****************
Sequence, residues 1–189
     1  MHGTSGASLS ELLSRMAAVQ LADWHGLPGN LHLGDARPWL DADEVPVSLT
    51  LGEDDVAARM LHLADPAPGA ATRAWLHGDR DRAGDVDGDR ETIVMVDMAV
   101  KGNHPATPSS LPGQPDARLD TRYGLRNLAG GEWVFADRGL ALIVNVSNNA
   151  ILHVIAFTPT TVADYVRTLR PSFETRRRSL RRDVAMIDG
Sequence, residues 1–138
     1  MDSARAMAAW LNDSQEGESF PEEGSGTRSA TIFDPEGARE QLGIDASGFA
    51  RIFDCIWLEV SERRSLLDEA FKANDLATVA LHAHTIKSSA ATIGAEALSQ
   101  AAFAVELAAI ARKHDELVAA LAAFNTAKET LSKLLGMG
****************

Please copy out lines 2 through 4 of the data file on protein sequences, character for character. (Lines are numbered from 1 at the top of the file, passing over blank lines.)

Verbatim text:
     1  MHGTSGASLS ELLSRMAAVQ LADWHGLPGN LHLGDARPWL DADEVPVSLT
    51  LGEDDVAARM LHLADPAPGA ATRAWLHGDR DRAGDVDGDR ETIVMVDMAV
   101  KGNHPATPSS LPGQPDARLD TRYGLRNLAG GEWVFADRGL ALIVNVSNNA